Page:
After crossing the main road the trail headed across Wretham Heath, a lovely patc of heathland that, unusually for the immediate area was not forested. This did not last long and soon the trail plunged into another area of woodland, disjointed from the main body of Thetford Forest. It passed between the abutments of a bridge that once carried the old Thetford to Swaffham branch railway line overhead. Soon I was passing a compound filled with goats and turned left to start following the Peddarís Way northwards. This National Trail mostly follows the course of an old Roman Road, and I first walked it in 2003. A roaring sound filled the air around me, slowly growing to a crescendo as two A10 planes scudded overhehad, sadly too quickly for me to take any photos of it. They returned a few minutes later and I managed to get a snatch shot.
The trail seemed to want to spend as long as possible within the woodland, and the Peddarís Way was soon left behind as the trail skirted the edge of more woodland. A long watering system stretched across a field to the left, an unwieldy sort of machine that I have only ever seen in the flatlands of East Anglia. The path headed through a broad gap in the trees before joining a track that took me towards a large metal structure; on the OS map this is marked as a Fire Tower (I assume that this is to watch for fires in the surrounding lands), but the tower was now covered in telecoms mast. Indeed a nearby mast belonged to the Airwave system.
The track that took the trail down towards the A11 was busy with tractors pulling trailers filled to the brim with onions, the heavy machines throwing up clouds of choking, sandy dust. Fortunately an underpass saved me from having to cross the busy main road on the level. Soon afterwards the track reached a level crossing over a railway line, and I stopped to close the gate for one of the tractor drivers.
Soon a ramshackle stone structure became visible beyond some lumps and bumps in the field to my left. The bumps were part of the medieval village of Roudham, the majority of which no longer exists, and the stonework was the remains of Roudham church. I stopped at the church to take a look, and thankfully there were a series of signboards to give me some information. In 1736 workmen repairing the lead roof of the tower let ash fall onto the thatched roof, and the resulting fire destroyed the church. It is somewhat surprising that the remaining stonework has remained so extant and the stonework not removed to e used in building, but perhaps the fire occurred late enough for the picturesque movement to take hold?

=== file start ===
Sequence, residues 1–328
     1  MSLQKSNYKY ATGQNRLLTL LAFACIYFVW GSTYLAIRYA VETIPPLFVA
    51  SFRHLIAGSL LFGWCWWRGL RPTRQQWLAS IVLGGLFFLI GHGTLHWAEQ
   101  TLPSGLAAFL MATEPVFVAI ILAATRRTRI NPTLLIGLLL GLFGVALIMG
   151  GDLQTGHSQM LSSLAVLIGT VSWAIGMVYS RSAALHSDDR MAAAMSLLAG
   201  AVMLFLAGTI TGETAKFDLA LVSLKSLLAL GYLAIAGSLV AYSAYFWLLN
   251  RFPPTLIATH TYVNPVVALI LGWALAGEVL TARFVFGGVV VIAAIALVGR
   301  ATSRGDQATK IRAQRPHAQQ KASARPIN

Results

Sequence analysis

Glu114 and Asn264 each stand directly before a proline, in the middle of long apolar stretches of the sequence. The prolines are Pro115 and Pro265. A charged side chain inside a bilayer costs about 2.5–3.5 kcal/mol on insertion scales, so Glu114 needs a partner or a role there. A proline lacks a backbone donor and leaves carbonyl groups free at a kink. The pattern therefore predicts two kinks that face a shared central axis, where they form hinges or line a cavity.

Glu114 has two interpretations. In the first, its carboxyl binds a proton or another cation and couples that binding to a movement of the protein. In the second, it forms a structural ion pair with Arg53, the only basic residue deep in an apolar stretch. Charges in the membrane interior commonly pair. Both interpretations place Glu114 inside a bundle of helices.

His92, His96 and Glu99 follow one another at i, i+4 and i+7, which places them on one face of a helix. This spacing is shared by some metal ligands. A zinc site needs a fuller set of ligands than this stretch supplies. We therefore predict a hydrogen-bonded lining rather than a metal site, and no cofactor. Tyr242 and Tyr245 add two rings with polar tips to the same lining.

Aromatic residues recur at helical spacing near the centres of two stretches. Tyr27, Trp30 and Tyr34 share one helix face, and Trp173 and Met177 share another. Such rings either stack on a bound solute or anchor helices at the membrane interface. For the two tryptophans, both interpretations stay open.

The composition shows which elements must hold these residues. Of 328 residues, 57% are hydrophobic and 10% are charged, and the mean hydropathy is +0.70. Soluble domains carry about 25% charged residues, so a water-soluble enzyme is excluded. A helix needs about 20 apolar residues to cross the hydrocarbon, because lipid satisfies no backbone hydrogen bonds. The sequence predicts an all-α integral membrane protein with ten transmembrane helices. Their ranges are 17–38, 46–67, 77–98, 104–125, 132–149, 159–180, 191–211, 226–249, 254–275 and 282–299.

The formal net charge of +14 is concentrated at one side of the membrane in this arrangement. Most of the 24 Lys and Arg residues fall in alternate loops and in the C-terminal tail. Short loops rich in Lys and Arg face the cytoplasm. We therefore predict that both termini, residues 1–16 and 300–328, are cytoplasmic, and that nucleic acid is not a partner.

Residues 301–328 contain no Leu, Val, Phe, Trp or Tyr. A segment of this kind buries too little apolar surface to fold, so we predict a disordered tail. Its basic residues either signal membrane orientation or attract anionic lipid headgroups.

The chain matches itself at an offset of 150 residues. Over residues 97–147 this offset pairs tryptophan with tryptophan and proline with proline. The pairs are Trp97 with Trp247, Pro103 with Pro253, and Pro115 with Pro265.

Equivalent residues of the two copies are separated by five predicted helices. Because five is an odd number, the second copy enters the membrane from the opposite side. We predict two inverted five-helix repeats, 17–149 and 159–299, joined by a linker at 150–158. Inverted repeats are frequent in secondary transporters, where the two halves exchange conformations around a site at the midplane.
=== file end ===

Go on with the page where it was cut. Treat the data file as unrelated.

I was approaching the end of the Hereward Way, but sadly the last couple of miles followed roads. A complex of industrial buildings were passed on the right, and there were some more about a mile later. This rural area felt like an unusual place for such a complex of buildings, and plaques on the village sign at the end of the road told me why: there used to be an airfield here in the First World War.
All that remained was to walk up a road for a short distance to reach Harling Road railway station. On the way I passed a gigantic three-wheeled tractor queuing at the level crossing, a sort of vehicle that I cannot recall having seen before. I passed the traffic and crossed the road to reach the station; the gate onto the platform seemed as good a place as any to call the end of the trail. I shuffled onto the platform as my mind wandered back over the highs and lows of this little-known or regarded trail.
I had a remarkable four hours to wait for the next train, and so I decided to continue with my plan to extend the walk to the town of Attleborough, which has more frequent train. Initially this meant following the B1111 southeastwards to the village of East Harling, and fortunately there was a pavement beside the road. Suddenly I felt a sharp bang to my head and my hat flew askew on my head as a car sped in front of me. My ear started ringing and as I looked down I could see a grape rolling across the tarmac. Obviously someone in the car had thrown it out of a window and had had a direct hit. Annoyed and with ringing ears, I strode on.
East Harling church has a spire made of lead-lined wood, giving it an airy, spacious look from the outside. The door was open so I went in to be greeted by a lady sitting at a desk. She invited me to sign the guestbook and I then went for a look around. Nearby was East Harlingís rather unique village sign - a carved lamb standing atop a post. After leaving I diverted off my planned route to find somewhere to take a break; I was about eighteen miles into the day and had yet to have a rest. The first pub I saw did not appeal from the outside, but a few yards further on was the George and Dragon.